Jan 10, 2021 News
Kaieteur News – Continuing to disregard the government’s deadlines is China Harbour Engineering Company (CHEC). This is after the Chinese contractor had failed on completing critical outstanding tasks at the Cheddi Jagan International Airport (CJIA) by a December 2020 deadline.
It was previously agreed upon that the contractor would complete 34 out of the 71 critical items at the US$150M airport by December 31, 2020. Concerningly however, CHEC has only managed to complete 13 of those 34 items as of January 7, 2021, as revealed by CJIA authorities.
Due to their inability to complete the tasks, Minister of Public Works, Juan Edghill, has called on CHEC to adhere to strict timelines to complete outstanding works on the airport. But even with these calls of urgency, no penalties have been stipulated by the government if CHEC fails to honor those commitments.
Speaking at a meeting with CHEC officials at CJIA on Friday, Minister Edghill had said, “the new things to be done as well as the old items to be fixed have to be done together and if we find that there are slippages, I will have to make the necessary intervention because we cannot allow for last minute rush.”
Edghill continued, “The Government of Guyana, in good faith, entered into that agreement with China Harbour Engineering Company and we signed an amicable settlement agreement that requires actions on both parts. We have upheld our end of the bargain as noble and as sincere. As Government, we expect no less from CHEC.”
As part of their remedial objectives, CHEC was therefore pressed to submit to the Government, a Resource Allocation Plan no later than January 31. This plan will provide a guide for the Administration on how CHEC intends to execute its obligations within the agreed timeframes.
Additionally, the contractor was urged to complete the preliminary designs for the curtain walls, a corridor to facilitate the two air bridges and a superstructure for the building at the front of the airport. Preliminary designs for these items are due January 31 and final designs are expected in March.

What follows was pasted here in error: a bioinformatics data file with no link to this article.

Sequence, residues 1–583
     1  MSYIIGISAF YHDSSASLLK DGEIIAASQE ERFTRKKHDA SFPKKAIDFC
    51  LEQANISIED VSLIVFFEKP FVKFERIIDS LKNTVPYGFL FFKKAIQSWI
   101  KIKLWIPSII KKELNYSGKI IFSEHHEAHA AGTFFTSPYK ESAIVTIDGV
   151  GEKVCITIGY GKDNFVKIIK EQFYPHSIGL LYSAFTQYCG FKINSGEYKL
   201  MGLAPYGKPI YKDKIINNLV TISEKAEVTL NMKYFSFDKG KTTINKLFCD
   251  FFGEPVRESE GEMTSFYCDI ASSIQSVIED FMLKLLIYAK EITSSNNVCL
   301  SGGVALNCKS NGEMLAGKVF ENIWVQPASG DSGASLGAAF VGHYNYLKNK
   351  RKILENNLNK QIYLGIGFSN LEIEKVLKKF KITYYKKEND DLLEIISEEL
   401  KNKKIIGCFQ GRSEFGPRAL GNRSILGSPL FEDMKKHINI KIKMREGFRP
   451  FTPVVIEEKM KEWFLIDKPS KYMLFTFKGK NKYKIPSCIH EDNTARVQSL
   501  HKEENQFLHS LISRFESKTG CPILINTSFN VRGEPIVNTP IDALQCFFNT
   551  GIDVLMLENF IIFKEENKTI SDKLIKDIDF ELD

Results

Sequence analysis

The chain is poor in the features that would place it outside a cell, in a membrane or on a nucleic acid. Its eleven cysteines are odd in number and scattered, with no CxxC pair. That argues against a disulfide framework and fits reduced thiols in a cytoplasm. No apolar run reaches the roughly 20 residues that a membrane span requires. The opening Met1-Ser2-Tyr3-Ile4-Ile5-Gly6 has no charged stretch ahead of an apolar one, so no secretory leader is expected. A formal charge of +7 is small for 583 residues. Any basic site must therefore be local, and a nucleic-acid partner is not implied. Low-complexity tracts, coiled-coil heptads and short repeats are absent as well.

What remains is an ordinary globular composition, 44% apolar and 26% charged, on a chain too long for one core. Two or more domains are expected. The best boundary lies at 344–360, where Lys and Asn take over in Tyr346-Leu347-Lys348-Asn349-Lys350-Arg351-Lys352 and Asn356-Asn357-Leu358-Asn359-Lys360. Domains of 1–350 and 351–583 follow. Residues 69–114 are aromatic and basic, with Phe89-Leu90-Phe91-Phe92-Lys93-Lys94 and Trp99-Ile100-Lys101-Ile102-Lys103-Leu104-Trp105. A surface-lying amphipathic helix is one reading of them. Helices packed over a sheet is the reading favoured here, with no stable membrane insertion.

“We need to have those because we need to get them agreed on, [So, we can] start procurement and we start work. We know how long the civil works have been taking you and we can’t have wishful thinking that if we start in October, we will finish by December 31 . It is not going to happen and we are not going to tolerate it,” Minister Edghill said.
Minister Edghill had also called for better communication among the contractor, project manager and project engineers as this is critical to swiftly resolve any issues that may arise. To this end, the Minister said he and the CJIA’s CEO, Ramesh Ghir, and the project consultant would meet all parties involved to iron out any issue.
Concerning ongoing works, Minister Edghill admitted that there might be challenges at the airport to execute contractual works while the facility is operational, but he maintained that the works must proceed. In this regard, he said, “there must be somebody who is working closely to ensure there is proper planning ahead of time so we can be able to make the necessary adjustments.”
In December, Government brokered an agreement with CHEC for the company to undertake $1.8 billion in works on CJIA at no additional cost to taxpayers.
This represented a major breakthrough for the President Irfaan Ali Administration as the PPP/C had criticized the APNU+AFC, in and out of the National Assembly, for reducing, the scope of the original contract signed in 2012, thereby short-changing Guyanese.
The project is years behind its completion date and the new agreement stipulates December 31, 2021 as the date by which all outstanding works must be done so that taxpayers could have value for money.
The additional works that CHEC agreed to undertake entail:
1. An extension of the airport’s boarding corridor to accommodate two more passenger boarding bridges, providing the airport with a total of six boarding bridges capable of servicing aircraft such as the Boeing 777, Dream liner, the Airbus and similar trans-Atlantic aircraft.
2. An extension of the Terminal Building to provide accommodation for additional commercial space such as food courts and duty-free shops. The extended building will feature a modern airport façade covering the full length of the Departure Terminal.
CHEC has also agreed to rectify and complete all outstanding remedial works within prescribed timelines.
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